donation

Barry Manilow
The Barry Manilow Music Project / Facebook

On June 18, the Grand Rapids Public Schools Board of Education approved next year’s budget for their district.  MLive reports that although the 2012-2013 budget includes $9 million in cuts due to decreased enrollment, board members voted to allocate $990,000 to hire 11 more teachers to support increased arts education.

These additional teachers will facilitate full-year—as opposed to semester-long—art and music instruction for the district’s elementary school students.

In addition to the financial boost, students in Grand Rapids schools have also received attention from celebrities this month.

On June 14, students from City and Creston high schools in Grand Rapids accompanied the British-American rock band Foreigner on stage at the Meijer Gardens and Sculpture Park Amphitheater singing their hit, “I Wanna Know What Love Is.” 

ROCHESTER, Mich. (AP) - Oakland University says a donor who has requested anonymity is giving $21 million to the school to help enhance students' academic experiences.

The Rochester school said Monday that university President Gary Russi announced the donation in an email to the campus community. Russi says it's the largest single planned and cash gift from an individual in Oakland University history.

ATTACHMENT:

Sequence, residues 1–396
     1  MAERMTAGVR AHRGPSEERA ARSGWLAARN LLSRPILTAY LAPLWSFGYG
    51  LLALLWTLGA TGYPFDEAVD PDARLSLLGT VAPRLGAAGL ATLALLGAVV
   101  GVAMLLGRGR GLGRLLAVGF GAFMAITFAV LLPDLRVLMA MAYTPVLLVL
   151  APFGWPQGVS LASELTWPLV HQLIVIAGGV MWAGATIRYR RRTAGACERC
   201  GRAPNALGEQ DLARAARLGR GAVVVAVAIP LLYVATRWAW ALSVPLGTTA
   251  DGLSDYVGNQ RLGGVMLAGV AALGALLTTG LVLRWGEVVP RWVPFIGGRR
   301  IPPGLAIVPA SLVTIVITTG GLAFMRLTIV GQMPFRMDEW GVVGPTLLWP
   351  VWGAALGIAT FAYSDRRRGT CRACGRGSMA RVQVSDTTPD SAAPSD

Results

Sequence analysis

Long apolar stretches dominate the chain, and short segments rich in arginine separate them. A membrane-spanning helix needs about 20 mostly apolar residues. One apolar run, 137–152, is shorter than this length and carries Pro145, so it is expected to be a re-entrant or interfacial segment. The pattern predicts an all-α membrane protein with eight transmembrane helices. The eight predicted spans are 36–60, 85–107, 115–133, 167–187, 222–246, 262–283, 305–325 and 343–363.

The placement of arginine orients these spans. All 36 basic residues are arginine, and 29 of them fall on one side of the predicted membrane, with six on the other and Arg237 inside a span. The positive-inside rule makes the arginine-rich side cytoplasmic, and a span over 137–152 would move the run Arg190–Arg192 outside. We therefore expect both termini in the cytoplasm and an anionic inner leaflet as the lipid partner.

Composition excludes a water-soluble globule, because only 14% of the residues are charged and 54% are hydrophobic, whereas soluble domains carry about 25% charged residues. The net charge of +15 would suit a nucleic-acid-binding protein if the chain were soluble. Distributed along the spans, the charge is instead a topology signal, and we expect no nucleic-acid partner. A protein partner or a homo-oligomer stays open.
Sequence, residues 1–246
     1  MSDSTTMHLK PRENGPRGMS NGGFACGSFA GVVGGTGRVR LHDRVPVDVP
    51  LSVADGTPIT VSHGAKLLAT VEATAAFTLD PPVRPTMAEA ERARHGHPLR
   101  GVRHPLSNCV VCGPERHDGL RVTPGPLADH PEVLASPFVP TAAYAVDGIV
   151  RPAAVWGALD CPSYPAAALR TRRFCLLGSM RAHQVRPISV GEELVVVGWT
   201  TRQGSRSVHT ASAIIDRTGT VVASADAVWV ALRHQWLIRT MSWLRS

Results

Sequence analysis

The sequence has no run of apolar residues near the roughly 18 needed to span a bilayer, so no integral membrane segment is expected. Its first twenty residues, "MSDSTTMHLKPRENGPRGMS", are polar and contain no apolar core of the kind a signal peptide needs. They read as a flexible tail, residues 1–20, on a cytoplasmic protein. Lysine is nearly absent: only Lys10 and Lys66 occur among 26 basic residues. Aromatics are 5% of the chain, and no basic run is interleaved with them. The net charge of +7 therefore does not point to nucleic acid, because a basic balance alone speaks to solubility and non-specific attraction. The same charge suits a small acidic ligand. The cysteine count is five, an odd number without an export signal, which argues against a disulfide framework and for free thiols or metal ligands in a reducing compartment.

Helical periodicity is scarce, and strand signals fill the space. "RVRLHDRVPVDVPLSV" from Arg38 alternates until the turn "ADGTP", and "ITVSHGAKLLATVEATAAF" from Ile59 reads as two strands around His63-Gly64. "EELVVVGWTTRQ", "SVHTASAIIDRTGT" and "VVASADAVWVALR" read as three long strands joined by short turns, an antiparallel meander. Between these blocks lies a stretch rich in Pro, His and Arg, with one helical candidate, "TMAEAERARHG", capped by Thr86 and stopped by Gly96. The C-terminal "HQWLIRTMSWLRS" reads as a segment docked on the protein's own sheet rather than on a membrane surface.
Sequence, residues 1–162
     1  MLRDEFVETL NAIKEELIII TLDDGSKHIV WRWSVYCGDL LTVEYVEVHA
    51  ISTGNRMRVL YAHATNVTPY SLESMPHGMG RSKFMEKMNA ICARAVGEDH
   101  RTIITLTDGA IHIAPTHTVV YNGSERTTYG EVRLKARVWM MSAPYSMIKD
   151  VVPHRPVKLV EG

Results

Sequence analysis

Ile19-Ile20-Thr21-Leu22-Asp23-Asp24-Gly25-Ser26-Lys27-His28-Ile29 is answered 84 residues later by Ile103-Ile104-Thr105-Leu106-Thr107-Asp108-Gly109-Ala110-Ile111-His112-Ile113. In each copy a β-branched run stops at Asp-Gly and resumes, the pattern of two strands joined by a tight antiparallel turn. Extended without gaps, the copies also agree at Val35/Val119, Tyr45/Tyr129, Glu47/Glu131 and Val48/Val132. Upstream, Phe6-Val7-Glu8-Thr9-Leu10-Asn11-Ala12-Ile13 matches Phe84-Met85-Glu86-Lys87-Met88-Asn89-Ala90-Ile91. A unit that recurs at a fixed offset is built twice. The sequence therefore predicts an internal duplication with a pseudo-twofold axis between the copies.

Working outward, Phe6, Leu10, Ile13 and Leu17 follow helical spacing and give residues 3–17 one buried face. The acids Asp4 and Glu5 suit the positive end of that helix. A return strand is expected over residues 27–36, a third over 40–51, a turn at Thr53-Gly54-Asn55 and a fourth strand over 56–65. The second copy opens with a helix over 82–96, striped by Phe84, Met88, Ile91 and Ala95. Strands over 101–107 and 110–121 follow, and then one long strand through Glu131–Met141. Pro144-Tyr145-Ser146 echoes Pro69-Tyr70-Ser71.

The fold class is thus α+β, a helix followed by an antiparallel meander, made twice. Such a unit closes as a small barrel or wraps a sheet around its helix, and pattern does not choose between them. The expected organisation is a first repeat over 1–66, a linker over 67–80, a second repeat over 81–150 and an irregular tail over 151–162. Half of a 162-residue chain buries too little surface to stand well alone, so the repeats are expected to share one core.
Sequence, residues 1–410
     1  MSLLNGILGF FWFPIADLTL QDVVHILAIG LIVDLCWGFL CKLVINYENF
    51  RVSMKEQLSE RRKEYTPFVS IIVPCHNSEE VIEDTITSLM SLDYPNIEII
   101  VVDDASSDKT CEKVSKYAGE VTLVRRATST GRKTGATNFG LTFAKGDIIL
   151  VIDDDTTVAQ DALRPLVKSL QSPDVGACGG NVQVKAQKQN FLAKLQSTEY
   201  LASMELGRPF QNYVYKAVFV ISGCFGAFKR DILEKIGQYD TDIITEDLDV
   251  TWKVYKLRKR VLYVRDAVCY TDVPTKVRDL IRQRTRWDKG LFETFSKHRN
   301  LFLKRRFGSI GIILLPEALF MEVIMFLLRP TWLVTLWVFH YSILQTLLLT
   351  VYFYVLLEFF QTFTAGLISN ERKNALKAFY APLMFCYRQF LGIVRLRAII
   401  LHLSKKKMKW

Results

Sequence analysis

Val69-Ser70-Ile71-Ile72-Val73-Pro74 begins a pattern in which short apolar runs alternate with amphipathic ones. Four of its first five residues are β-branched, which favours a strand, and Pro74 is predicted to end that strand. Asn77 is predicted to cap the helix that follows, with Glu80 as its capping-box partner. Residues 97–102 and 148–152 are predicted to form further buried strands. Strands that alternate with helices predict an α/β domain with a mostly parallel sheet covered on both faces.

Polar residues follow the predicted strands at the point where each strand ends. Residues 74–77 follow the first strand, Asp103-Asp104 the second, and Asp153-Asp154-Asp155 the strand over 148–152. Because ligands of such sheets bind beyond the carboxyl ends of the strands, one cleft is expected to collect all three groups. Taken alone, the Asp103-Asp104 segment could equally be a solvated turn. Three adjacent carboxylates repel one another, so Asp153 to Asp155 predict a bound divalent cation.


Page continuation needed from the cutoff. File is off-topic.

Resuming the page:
Russi says the gifts "will touch the lives of hundreds of student and faculty for generations to come."

Lindsey Smith / Michigan Radio

“It is a first for me with this amount of money,” Grand Rapids Treasurer Al Mooney said (he's been treasurer for more than 20 years).

The anonymous donor sent the cash to make amends for “minor vandalism” he or she took part in years ago.

The short, typed letter reads,

“Minor group vandalism many years ago. Cannot remember specifics or even if I did any damage, but I think one of the street signs was taken.”

Inside the envelope, with no signature or return address, were five $20 bills.

The University of Michigan

The University of Michigan Medical Research Institute received a gift of $56 million from A. Alfred Taubman, a real estate developer and philanthropist from Michigan. The funds will be used for stem cell and cancer research.

U-M President, Mary Sue Coleman, says the money will go toward what is called high-risk research:

Photo by Zieak/Flickr

An anonymous donor put a  gold coin worth an estimated $1,400 into a Salvation Army worker's red kettle in northern Michigan.

The Associated Press reports:

Maj. Craig Stoker of the Salvation Army in Alpena tells The Alpena News that he received a call about 9 a.m. Saturday from a man who said he wanted to give something special to bell ringer Jackalyn Skiba. Stoker said the man declined to disclose the nature of the gift or why he had singled Skiba out... the money will be put into the Christmas fund, which to date has collected $129,000. This year's goal was $159,000.

The coin is reportedly in good condition.